Cock a doodle doo! My dame has lost her shoe; Master's broke his fiddling stick, And don't know what to do.
Diddle, diddle, dumpling, my son John Went to bed with his breeches on; One shoe off, the other shoe on, Diddle, diddle, dumpling, my son John.
Dingty, diddledy, my mammy's maid, She stole oranges, I am afraid. Some in her pocket, some in her sleeve, She stole oranges, I do believe.
There was a man of our town, And he was wondrous wise: He jump'd into a bramble-bush, And scratch'd out both his eyes; And when he saw his eyes were out, With all his might and main He jump'd into another bush, And scratch'd them in again.
Sing! sing! what shall I sing? The cat's run away with the pudding-bag string.
Snail! snail! come out of your hole, Or else I'll beat you as black as a coal.
Two little blackbirds sat upon a hill, One named Jack, the other named Gill; Fly away, Jack; fly away, Gill; Come again, Jack; come again, Gill.
If all the world was apple-pie, And all the sea was ink, And all the trees were bread and cheese, What should we have for drink? It's enough to make an old man Scratch his head and think.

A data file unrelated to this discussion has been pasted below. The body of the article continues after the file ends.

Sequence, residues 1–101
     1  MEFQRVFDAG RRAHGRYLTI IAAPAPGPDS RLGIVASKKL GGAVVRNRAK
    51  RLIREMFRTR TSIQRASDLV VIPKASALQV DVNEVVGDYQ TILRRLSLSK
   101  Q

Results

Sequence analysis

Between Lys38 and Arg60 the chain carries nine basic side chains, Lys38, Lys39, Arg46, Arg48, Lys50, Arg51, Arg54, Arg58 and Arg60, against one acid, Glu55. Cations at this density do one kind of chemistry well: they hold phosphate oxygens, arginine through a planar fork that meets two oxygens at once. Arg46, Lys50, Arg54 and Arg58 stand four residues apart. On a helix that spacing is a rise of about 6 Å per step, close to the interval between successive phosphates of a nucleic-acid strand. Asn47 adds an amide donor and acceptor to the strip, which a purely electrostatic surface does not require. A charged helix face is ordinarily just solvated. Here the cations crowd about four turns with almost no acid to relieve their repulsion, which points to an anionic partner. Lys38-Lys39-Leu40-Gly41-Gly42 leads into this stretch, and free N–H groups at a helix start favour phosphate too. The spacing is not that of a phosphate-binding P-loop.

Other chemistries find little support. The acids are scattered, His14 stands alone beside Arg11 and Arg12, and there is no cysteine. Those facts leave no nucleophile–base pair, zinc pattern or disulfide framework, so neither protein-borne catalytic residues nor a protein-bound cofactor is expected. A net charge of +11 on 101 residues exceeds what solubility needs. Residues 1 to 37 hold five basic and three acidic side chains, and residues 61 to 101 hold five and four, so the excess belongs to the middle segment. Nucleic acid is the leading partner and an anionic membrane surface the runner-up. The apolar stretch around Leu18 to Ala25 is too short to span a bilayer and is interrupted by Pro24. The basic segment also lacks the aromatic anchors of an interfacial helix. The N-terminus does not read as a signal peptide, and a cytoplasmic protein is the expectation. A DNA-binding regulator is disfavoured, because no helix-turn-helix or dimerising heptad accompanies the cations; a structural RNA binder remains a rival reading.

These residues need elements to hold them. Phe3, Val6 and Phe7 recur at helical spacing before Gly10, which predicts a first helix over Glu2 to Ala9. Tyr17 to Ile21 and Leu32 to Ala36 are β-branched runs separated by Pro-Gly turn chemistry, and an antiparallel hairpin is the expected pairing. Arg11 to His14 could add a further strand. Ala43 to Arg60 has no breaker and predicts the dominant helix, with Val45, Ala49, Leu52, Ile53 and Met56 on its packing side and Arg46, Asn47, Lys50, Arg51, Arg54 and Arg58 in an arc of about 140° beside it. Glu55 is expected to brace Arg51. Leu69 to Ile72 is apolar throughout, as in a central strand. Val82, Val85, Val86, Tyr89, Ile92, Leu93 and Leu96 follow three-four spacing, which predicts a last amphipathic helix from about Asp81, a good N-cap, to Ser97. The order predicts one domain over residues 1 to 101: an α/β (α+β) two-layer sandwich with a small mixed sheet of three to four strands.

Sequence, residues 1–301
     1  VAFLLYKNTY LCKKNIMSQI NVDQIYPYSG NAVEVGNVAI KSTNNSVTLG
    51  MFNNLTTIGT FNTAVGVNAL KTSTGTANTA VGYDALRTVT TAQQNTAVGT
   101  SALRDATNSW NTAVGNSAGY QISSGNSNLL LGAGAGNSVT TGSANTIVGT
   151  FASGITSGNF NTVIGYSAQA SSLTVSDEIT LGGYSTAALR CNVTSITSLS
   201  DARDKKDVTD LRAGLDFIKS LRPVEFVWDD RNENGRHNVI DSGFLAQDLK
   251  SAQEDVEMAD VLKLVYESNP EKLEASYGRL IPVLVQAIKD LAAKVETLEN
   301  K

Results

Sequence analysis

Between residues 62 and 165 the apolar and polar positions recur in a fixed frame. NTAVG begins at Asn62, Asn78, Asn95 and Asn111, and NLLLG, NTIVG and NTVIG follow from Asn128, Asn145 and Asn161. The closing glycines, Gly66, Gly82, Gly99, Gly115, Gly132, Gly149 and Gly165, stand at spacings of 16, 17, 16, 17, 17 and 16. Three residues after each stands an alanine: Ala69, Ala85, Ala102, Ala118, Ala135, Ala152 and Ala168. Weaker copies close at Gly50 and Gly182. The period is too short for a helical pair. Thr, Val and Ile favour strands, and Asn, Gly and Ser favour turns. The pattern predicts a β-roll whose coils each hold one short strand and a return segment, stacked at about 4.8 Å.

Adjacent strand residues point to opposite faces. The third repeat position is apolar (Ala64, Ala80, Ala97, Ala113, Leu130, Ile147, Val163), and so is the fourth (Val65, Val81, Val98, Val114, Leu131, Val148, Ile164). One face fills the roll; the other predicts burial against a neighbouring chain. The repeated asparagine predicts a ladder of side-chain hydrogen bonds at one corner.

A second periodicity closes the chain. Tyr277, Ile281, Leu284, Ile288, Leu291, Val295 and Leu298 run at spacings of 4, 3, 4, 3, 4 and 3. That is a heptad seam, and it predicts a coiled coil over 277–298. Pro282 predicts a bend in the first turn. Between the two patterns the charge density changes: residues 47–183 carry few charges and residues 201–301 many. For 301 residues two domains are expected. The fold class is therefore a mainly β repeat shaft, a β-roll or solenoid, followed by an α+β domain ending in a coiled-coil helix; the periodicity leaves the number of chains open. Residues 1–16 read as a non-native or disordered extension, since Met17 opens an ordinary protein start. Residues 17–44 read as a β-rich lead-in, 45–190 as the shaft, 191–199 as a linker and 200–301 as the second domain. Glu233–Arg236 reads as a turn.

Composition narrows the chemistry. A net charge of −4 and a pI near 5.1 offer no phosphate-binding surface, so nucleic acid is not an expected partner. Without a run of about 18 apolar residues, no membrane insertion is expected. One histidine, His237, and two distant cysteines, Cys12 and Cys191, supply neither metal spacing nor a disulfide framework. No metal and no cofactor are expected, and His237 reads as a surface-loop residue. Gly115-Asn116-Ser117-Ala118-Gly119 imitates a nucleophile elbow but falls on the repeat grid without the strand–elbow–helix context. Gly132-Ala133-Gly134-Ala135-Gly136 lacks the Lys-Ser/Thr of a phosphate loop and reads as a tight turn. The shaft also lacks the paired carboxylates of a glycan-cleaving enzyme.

There was an old man, And he had a calf; And that's half: He took him out of the stall, And put him on the wall; And that's all.
Mary, Mary, Quite contrary, How does your garden grow? Silver bells, And cockle-shells, And pretty maids all of a row.
We're all dry with drinking on't, We're all dry with drinking on't; The piper kiss'd the fiddler's wife, And I can't sleep for thinking on't.
I had a little wife, the prettiest ever seen, She wash'd all the dishes and kept the house clean; She went to the mill to fetch me some flour, She brought it home safe in less than half an hour; She baked me my bread, she brew'd me my ale, She sat by the fire and told a fine tale.